Assembly language; a coward's introduction. Charles Leedham.
Assembly language programming can accomplish miracles, but it been made to seem almost as mysterious as the Aztec priesthood. It is a fair bet that the majority of personal computer owners are fairly well versed in Basic programming, but very few have ventured into the mysterious realm of assembly language. And more's the pity, as assembly can do things that Basic never dreamed of.
One of the nice things about Basic is that you can see results right away. Type in ?"Hello", press the ENTER key, and the machine nicely prints out HELLO. It is encouraging, and you go on from there. Assembly, on the other hand, has always been presented as a massive task, requiring the mastery of mystical registers, and indirect register addressing, and things that boggle the mind of the lowly Basic programmer. If only you could do something simple with assembly that would show results right away.
That is what this article is all about. You can start off slowly in assembly, and do some nice small things with it. But seeing is believing, and the way to see it is to type into your computer the relatively short Basic program in Listing 1. You will soon see what remarkable things assembly can do in the way of instantaneous screen grpahics. Along the way you can pick up a few reassuring facts about assembly if you want to, but you don't even need to do that. Doing It In Basic
Now, let's pose this problem: you have written a nice little program and you would like to have on the screen the outlines of five playing cards, the values to be put in by the rest of the program. You could draw the card outline with the agonizingly slow set method--you may even have in your cassette collection a commercial program or two that does exactly that.
Or, you may be a step further along, and have worked to graphics via PEEKs and POKEs which enable you to draw things on the screen up to six times faster than you could be setting X and Y. In the TRS-80 card outline program in Listing 1, the figures are drawn about 2-1/2 times faster than they would be using SET.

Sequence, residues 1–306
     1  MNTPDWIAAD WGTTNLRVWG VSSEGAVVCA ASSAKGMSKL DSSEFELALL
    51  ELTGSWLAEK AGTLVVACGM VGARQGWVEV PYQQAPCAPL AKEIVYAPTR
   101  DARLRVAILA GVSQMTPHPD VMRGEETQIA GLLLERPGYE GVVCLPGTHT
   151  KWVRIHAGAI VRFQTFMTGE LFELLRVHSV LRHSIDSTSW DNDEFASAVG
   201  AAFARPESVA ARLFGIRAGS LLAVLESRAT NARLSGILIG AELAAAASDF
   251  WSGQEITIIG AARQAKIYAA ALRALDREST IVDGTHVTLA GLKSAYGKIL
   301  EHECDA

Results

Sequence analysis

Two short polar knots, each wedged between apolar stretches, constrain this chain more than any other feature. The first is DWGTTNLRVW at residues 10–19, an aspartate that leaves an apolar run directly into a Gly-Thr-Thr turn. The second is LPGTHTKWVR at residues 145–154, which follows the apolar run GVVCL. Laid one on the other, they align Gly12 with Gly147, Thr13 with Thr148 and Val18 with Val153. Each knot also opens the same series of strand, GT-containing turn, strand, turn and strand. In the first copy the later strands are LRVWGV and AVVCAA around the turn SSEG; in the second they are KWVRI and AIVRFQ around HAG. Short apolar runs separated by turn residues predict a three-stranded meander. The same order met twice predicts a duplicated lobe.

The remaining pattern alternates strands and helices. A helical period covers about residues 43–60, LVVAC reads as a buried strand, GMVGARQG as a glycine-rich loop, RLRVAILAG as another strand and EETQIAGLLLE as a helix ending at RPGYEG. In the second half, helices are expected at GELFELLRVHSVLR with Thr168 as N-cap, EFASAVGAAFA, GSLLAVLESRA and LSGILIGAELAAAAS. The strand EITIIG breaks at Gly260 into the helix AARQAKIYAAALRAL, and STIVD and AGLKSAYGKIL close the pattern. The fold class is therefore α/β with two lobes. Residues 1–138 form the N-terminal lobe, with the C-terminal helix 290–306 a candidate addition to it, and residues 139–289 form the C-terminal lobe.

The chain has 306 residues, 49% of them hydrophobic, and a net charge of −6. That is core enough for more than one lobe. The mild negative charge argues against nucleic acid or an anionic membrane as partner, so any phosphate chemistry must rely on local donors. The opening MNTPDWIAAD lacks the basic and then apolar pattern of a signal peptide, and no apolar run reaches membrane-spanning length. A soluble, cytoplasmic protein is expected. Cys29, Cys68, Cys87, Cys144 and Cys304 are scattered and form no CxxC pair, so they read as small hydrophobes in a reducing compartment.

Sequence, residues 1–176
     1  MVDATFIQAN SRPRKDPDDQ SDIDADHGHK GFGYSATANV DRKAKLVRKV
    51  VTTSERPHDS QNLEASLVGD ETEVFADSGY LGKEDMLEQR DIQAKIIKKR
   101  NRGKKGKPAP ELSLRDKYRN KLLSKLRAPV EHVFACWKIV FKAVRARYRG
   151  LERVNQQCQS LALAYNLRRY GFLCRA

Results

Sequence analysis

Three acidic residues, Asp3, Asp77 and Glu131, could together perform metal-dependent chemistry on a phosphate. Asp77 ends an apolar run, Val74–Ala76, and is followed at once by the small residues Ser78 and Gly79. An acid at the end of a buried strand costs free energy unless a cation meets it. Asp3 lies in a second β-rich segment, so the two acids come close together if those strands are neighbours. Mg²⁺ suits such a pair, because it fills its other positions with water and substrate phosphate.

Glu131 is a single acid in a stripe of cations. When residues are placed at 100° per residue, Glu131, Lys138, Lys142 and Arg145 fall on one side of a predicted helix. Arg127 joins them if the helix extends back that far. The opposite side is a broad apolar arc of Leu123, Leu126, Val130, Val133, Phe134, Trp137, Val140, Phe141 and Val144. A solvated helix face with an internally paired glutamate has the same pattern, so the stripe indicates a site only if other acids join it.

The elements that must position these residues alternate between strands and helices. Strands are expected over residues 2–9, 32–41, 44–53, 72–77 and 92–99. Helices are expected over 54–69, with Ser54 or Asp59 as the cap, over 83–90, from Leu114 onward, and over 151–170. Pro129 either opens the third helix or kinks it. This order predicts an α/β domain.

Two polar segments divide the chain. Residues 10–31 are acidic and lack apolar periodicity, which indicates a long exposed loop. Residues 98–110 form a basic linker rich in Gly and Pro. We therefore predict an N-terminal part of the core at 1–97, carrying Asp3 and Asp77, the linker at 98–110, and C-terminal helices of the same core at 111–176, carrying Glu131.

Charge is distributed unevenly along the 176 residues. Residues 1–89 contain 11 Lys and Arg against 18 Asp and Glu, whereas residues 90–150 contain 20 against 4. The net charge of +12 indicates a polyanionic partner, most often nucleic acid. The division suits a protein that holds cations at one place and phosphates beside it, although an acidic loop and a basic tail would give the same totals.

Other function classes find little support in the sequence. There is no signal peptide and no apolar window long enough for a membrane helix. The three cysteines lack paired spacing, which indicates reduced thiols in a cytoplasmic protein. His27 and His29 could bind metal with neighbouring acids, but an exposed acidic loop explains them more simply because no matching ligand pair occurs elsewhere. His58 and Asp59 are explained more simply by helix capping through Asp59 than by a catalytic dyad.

Take a look at Listing 1. Lines 50 through 100 put the card outlines on the screen using the SET command. This is really quite simple, but it takes what seems like forever as the lines crawl slowly across and down the screen. Then lines 130 through 160 do essentially the same outlines by POKEing graphics symbols directly into the screen locations you have read about in the manuals.
The method is similar to assembly, because by POKEing, you are addressing the 1024 little memory cell on the screen more or less directly. But because you are writing Basic, there is an interpretery in the way to slow things down.
In essence, the interpreter sees the word POKE and stops for a while to look it up in its electronic "Basic to Binary" dictionary, Discovers that you want a certain graphics character to be put into the specified location, and only then does it. It is the looking up that takes over 99% of the time. Actually putting the symbol on the screen once it knows what you want takes something on the order of two microseconds. The Same Thing In Assembly
Now we get to assembly itself, or at least the portion of Listing 1 which accomplishes an assembly (more properly, machine language) presentation of the card outlines. To do this part, I wrote a very small assembly program with an Editor/Assembler utility program. See the source code in Listing 2. The utility program assembled the source code directly into numerical instructions which are the native language of the Z80. Those numerical instructions are the numbers listed in the DATA statements from lines 240 through 290.